María Cristina Caballero, Colombia
In July of 1997, I covered a terrible massacre in the town of Mapirip‡n. Right wing paramilitaries cut many of the inhabitants into pieces during five days. As I was leaving, a very old man without shoes ran to me and said, “Wait! Wait!”
He told me, “All of my sons are dead. Three of them joined the guerrillas and two joined the paramilitaries . . . Perhaps they killed each other.” With tears in his eyes he said, “Please help us . . . Guerrillas and paramilitaries are killing all our children . . . All our future.”
I could only say, “I will do my best.”
Today, I will try to keep that promise.
Colombia is confronting a huge humanitarian crisis. As a journalist, I have seen the many faces of desperation in my country. Many of my colleagues have died in the line of duty. Almost 50 in the past ten years.
If journalists suffer these kinds of casualties, imagine the daily horror that confronts rural people who are trapped in the conflict. In many regions, the children have more access to guns than to a toy or a book. 1.5 million have been forced from their homes; 10 Colombians die every day in political strife.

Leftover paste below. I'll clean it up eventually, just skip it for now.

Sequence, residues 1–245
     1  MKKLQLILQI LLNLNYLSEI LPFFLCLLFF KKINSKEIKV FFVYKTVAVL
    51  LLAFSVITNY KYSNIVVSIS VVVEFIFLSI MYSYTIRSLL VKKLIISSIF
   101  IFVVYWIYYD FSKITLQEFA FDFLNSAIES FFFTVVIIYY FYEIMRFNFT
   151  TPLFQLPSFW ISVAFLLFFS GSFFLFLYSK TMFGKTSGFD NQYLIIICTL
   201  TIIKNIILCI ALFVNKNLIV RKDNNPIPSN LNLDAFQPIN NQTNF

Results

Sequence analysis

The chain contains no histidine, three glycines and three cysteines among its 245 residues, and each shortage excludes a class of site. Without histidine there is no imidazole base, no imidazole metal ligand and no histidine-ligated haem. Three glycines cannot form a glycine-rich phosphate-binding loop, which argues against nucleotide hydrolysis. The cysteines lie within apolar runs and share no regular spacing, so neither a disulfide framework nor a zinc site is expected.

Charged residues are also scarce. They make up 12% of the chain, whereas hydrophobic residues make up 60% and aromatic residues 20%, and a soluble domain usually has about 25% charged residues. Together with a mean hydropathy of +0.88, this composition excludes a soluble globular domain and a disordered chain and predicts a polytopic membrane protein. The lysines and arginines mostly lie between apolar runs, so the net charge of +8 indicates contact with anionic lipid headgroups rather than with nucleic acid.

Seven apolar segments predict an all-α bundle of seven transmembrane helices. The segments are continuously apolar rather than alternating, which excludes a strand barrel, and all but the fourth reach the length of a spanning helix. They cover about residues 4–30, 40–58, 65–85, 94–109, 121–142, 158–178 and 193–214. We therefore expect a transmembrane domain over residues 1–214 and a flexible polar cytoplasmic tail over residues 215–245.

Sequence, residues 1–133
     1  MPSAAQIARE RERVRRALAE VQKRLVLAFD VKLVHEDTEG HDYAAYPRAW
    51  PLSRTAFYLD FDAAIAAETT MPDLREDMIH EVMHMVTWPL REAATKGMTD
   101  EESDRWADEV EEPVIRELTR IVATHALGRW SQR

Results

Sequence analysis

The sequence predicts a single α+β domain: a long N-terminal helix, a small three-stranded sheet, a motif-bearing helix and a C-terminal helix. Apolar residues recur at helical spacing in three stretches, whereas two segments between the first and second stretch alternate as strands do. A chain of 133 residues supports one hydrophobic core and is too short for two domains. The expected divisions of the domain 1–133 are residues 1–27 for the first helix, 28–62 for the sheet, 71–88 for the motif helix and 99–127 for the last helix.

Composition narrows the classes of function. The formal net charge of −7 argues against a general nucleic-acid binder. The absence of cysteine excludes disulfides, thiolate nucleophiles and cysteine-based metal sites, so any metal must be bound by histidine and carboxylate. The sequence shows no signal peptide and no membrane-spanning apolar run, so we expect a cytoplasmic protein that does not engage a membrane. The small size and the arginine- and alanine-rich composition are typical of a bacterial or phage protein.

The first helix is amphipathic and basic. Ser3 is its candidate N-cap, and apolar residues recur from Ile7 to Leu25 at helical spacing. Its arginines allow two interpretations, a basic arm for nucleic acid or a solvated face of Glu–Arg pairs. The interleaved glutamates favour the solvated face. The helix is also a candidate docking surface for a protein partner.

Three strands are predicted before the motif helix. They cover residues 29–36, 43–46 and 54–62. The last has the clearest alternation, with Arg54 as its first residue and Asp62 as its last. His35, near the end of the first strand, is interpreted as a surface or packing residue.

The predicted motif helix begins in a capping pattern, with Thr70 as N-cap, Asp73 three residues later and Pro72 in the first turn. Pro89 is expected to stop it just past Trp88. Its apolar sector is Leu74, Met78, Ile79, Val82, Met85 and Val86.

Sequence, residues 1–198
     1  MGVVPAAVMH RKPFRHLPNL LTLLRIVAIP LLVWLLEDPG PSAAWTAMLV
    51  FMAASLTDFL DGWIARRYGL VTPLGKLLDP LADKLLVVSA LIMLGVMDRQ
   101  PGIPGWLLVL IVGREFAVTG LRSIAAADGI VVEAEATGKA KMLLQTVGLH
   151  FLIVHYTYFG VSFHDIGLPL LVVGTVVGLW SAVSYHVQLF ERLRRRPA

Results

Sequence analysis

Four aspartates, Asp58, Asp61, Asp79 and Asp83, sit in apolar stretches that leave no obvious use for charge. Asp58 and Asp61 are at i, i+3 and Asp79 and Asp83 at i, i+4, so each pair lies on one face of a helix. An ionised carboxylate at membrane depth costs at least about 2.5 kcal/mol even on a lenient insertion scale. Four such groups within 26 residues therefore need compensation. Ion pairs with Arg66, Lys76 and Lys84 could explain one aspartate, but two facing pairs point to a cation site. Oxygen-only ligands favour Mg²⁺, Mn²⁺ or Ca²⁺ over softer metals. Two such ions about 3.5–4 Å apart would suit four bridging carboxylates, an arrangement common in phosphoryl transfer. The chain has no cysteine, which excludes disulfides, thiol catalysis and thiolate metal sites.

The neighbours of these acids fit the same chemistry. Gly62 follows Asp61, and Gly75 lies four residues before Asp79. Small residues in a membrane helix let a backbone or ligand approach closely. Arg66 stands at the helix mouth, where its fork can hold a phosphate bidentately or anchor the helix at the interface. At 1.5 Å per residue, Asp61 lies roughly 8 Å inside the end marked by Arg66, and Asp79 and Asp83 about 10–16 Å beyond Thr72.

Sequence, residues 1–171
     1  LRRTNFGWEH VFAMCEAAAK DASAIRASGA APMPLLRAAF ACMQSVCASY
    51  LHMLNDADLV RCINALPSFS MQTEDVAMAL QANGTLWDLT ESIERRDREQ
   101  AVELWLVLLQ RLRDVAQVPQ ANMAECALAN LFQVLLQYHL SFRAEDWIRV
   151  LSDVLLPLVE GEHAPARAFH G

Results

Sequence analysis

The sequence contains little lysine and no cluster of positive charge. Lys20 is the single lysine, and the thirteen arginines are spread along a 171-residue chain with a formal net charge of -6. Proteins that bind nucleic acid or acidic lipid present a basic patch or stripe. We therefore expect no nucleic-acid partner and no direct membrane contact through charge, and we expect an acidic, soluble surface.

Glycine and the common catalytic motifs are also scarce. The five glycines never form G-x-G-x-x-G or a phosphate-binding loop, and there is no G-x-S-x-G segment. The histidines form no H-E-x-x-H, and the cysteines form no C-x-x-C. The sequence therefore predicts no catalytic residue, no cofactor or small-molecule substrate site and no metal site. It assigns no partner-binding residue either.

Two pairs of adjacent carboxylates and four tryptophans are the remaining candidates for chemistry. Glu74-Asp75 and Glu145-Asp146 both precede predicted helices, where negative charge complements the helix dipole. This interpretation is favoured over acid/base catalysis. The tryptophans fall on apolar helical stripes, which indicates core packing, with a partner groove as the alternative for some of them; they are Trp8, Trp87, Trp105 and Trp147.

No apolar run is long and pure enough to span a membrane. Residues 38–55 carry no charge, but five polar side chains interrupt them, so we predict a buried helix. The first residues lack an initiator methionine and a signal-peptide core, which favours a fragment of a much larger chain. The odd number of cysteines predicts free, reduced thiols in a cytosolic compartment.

Colombia is on the brink. This should be of grave concern to everyone here. All factions in the escalating war are financed by drugs sold in the United States.
The U.S. government has responded to the crisis with increased military aid. We have plenty of guns. We need humanitarian assistance. Urgently.
One U.S. Congressman told me he could not get a bill passed to give development assistance to Colombia. He said his constituents don’t care about the country. I say Americans don’t know.